Most of the scenes you’ll see in The Human Spark are natural conversations that Alan Alda had with the scientists we visit. But before we start filming, there’s a bit of artifice in order to make sure everything looks natural. Read on to learn about some of the work that went into lighting a scene at the American Museum of Natural History in New York.
By Larry Engel, Director of Photography
The American Museum of Natural History is truly the icon of natural history museums. It sits majestically between Central Park West and Columbus Ave on the Upper West Side of New York City. I remember visiting it as a kid when my parents took my brother and me to the museum to see the dinosaurs and dioramas. It was an out-of-this-world experience and totally surreal. Cavernous halls, huge beasts, totem poles and canoes. Bones and more bones.
Its facade was used as the museum exterior in Howard Hawk’s great screwball comedy “Bringing up Baby” with Gary Grant and Katharine Hepburn. When I show the opening scenes of the film in my theory class at American University, I fondly remember walking up the museum’s grand steps and entering another world, far removed from the bustling streets of New York City just outside.
Today, we’re here with Alan to pay a short but important visit to Ian Tattersall, one of the preeminent archeologists in the world. He’s a large man in physique and stature. And his office, lined with classic wood and glass cabinets holding ancient clues to our distant past, is cavernous. I expect Cary Grant to appear from behind a cabinet carrying a bone.
Although this is not the first scene that we’ve filmed, nor the first location, it may very well wind up as the first scene of the series. Because we have limited time to set up and a big space with which to work, producer Graham Chedd and I have decided to bring in a gaffer (the person who is responsible for setting lights on larger productions) to help light Ian’s office. We did a preliminary scout a couple of days before to determine what look we were after, what range we wanted to give Alan and Ian to move, then what lights we needed and how many people we’d need to get the job done.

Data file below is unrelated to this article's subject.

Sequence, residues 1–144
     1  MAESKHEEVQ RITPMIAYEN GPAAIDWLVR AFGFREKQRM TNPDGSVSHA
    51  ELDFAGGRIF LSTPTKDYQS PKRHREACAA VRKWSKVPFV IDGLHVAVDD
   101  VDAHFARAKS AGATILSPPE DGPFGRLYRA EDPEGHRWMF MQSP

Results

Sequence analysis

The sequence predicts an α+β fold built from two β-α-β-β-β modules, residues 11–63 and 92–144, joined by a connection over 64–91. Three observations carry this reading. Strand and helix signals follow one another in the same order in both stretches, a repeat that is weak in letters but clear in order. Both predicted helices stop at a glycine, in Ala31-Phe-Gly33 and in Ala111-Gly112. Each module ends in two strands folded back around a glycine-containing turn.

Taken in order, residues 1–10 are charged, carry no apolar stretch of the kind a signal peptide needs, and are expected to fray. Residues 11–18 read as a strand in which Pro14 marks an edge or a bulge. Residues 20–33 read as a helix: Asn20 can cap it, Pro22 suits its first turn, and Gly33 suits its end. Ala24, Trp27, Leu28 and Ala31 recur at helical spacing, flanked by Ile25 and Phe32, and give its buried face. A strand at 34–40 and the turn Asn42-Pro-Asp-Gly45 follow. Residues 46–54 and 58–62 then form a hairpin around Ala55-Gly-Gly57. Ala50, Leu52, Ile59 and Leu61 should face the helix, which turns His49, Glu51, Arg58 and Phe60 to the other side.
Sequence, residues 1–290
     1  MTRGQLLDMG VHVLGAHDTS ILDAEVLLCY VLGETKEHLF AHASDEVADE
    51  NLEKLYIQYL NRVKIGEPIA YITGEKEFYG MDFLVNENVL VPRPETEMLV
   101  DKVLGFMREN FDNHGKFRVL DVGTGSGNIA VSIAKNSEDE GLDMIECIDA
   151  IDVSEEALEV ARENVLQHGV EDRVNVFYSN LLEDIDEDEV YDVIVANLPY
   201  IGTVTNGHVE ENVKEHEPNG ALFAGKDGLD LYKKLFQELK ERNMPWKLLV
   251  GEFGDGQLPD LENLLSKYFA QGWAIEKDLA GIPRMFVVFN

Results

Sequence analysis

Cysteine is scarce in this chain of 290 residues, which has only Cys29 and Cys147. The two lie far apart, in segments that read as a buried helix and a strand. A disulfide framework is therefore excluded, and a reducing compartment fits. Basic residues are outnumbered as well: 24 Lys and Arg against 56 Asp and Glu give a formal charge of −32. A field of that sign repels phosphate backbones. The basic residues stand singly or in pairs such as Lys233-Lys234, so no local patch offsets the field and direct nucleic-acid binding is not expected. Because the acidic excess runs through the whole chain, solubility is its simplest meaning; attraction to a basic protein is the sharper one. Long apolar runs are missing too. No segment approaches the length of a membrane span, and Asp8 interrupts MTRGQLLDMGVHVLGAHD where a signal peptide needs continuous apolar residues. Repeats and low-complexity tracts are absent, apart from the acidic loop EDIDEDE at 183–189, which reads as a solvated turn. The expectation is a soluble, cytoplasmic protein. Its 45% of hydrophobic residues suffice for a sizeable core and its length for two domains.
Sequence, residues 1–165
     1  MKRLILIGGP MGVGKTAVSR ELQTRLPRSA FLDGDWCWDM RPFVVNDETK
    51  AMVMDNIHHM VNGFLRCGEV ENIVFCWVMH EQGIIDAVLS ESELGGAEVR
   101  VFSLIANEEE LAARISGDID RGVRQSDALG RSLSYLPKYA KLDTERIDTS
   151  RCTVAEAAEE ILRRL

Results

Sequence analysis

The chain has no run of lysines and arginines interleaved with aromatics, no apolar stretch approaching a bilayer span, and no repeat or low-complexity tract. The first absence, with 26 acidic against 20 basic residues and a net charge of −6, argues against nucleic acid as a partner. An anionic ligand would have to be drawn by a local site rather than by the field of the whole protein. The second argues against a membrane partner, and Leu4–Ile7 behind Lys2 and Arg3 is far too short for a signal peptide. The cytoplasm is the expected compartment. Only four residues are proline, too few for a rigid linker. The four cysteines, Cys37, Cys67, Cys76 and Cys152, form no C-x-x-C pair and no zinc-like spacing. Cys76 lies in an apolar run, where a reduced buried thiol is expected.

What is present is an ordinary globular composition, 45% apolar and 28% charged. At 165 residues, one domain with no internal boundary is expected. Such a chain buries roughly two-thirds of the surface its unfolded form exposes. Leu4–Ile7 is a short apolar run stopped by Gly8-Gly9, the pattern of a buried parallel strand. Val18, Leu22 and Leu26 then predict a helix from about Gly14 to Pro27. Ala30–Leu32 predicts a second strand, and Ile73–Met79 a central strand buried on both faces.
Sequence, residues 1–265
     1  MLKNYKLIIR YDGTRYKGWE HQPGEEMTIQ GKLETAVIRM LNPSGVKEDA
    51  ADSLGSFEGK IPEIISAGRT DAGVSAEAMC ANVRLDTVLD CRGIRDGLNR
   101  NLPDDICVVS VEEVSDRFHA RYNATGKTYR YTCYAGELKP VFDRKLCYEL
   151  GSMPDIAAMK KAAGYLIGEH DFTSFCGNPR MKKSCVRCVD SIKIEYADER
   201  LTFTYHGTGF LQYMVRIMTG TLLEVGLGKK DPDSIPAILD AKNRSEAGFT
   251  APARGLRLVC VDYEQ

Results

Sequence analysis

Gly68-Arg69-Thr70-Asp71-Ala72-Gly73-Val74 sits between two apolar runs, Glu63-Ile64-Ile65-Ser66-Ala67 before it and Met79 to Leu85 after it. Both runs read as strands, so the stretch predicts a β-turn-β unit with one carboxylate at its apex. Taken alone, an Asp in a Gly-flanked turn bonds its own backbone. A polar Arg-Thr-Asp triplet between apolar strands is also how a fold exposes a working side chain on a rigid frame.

So our local gaffer and I worked out a plan of action. On shoot day, he and his assistant brought a truck that came with lights, stands, stingers (extension cables – so-called because of obvious negative potentials), gels, dimmers, ladders, and a lot of other stuff. We parked underneath the museum and it took about an hour to move all our gear through the museum (being very careful not to damage any exhibits, including one on human origins that Ian had curated) and up to the office.
We had decided to not use a big window in the room as a light source because we didn’t want to fight changes in sunlight over the course of the day. I do sometimes use this natural light source as a key light (the main light of a scene), but usually I do that when I’m only at location briefly and the window is a north-facing one (giving generally even light over the course of our time there). We also wanted not to use lights that would produce too much heat or harsh shadows. We settled on a type of fluorescent light that is balanced for daylight (or film tungsten light) called Kinos. They come in different lengths and numbers of bulbs per fixture.
We ended up using about three or four banks of them along with a couple of harder-shadow lights. All were set high, some on tall stands secured with plenty of sandbags or propped up on top of the cabinets. It was crucial not to damage the facility or, obviously, any of the skeletons and other bones and artifacts that were stored there. It was also important to us that we lit the space so that Alan and Ian weren’t forced to stand immobile in one position but could move about the room organically. This would make their interaction more comfortable.
I really enjoyed this location because of the wonderful sense of history and evolution with skulls and re-constructions of heads from our ancestors all around the room.